Alakazam has not had any prominent roles in the continuity of the Pokémon animé and movies. It was glimpsed once as a Pokémon attempting to battle Mewtwo at the Viridian City Gym, both owned by Giovanni, in Pokémon: The First Movie. Alakazam's spoons were bent by Mewtwo's psychic powers and thrown against the wall, knocking him out. Another role involved a giant Alakazam battling a giant Gengar in episode 74, "The Ancient Puzzle of Pokemopolis". This episode is also the first to feature Alakazam on Ash's pokedex. Luana, the Gym Leader of Kumquat Island, used an Alakazam alongside a Marowak against Ash in a Gym Battle.
In "The Ties that Bind", Alakazam was one of the Pokémon seen in Gary Oak's profile.
Anabel, the second most powerful Frontier Brain next to Brandon, has an Alakazam.
Alakazam was also featured in the first episode of the NA dubbed Battle Frontier episodes, where he and a multitude of psychic Pokémon are left behind in an old miner town with some rival Ghost Pokémon. Alakazam is seen many times, but the "main role" of the episode is Abra's.
Most recently, Alakazam was owned by Kengo, Dawn's childhood friend. Kengo also has a Prinplup.
Alakazam debuts in Buzz Off, Electabuzz! when Red frees the Pokémon kidnapped by Lt. Surge; instead of his beloved Abra, the President of the Pokémon Fan Club finds himself with a not-so-cute Alakazam.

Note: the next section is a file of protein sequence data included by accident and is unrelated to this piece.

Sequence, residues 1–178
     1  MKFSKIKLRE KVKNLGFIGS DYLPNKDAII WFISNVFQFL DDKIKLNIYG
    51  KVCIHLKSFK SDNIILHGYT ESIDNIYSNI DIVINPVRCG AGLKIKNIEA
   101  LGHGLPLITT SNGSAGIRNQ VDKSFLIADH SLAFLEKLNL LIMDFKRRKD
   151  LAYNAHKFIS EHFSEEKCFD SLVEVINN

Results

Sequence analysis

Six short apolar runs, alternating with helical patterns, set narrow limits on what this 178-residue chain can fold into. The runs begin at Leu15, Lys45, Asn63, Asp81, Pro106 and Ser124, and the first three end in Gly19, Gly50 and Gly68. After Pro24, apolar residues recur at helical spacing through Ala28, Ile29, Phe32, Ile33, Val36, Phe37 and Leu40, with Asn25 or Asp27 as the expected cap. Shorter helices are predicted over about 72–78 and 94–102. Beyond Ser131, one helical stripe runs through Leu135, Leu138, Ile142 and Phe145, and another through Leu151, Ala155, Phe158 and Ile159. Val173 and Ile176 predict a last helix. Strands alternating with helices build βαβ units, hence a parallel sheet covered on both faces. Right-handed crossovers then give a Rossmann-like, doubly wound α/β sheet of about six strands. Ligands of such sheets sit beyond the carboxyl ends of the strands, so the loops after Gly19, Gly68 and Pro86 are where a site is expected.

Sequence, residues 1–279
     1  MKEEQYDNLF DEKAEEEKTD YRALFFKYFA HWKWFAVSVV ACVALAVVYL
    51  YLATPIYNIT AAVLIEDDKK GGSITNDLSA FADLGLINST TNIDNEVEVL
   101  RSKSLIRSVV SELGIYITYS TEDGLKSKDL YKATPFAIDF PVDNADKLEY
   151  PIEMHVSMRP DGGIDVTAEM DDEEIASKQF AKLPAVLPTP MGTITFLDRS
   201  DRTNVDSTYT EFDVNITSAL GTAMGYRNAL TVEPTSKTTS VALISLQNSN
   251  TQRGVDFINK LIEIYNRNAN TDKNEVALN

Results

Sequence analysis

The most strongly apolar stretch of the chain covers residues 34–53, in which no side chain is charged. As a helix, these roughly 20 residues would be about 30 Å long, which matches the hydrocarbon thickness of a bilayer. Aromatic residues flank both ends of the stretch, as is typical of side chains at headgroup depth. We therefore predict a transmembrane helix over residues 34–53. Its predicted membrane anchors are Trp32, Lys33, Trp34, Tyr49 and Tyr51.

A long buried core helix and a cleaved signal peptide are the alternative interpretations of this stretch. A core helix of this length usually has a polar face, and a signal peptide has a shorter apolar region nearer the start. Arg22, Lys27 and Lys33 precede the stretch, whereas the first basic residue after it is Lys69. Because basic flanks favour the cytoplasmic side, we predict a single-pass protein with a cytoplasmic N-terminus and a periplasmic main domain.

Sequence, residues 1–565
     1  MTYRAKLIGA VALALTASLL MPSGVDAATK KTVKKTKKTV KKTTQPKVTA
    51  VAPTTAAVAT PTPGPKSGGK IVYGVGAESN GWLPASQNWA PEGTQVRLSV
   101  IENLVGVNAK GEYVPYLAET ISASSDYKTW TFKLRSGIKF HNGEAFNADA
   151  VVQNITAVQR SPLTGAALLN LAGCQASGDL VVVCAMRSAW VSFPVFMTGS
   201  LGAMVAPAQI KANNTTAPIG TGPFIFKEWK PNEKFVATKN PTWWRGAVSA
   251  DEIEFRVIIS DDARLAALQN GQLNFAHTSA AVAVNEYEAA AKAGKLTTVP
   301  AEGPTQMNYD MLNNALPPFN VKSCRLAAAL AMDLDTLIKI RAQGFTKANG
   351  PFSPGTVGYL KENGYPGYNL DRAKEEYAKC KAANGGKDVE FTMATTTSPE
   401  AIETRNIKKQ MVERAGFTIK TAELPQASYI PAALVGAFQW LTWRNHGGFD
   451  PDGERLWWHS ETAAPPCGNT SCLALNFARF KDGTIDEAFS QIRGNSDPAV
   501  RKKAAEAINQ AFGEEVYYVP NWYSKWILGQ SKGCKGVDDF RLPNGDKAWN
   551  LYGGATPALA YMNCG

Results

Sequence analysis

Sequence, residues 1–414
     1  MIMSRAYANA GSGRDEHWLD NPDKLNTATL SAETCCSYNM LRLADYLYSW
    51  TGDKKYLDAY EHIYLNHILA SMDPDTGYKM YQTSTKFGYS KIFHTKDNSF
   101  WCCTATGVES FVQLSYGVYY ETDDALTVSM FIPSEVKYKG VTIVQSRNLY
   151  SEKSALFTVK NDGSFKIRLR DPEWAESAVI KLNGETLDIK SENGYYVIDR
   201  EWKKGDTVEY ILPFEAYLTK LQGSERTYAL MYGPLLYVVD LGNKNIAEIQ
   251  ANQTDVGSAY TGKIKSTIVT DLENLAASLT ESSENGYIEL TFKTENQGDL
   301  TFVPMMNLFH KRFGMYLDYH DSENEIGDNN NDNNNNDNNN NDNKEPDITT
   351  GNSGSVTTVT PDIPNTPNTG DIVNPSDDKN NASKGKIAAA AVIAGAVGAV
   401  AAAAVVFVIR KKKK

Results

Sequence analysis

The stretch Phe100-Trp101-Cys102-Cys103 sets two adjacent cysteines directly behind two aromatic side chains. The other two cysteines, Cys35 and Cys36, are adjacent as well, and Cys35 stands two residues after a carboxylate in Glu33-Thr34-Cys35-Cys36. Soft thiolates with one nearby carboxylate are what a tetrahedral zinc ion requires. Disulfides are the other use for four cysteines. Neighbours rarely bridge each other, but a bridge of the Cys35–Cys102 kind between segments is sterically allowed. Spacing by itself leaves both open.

In Volume 9, after Red's aptitude test to be the Gym Leader of Viridian City, a swarm of wild Pokémon suddenly appear outside the Gym after being attracted by Pokémon March music, one of which is an Alakazam. Green captures all of them with his Scizor. Alakazam is seen again in Volume 13 as part of Green's team for the Gym Leader faceoff, and again in Volume 24 as one of the Pokémon in Viridian Gym. It defeated Chuchu easily using a combination of Role Play and ThunderPunch.
Trading Card game
Alakazam has had six cards:
- Base Set
- TeamRocket (as Dark Alakazam)
- Gym Challenge (as Sabrina's Alakazam)
- EX: Crystal guardians (as a Pokémon STAR)
Alakazam was one of the most popular Psychic-type cards in the early stages of the game. Its original appearance in Base Set sported the Damage Swap Pokémon Power, which allowed any damage on the player's side of the field to be arranged in any way. Alakazam made a potent defensive combo with the original Chansey in the same set.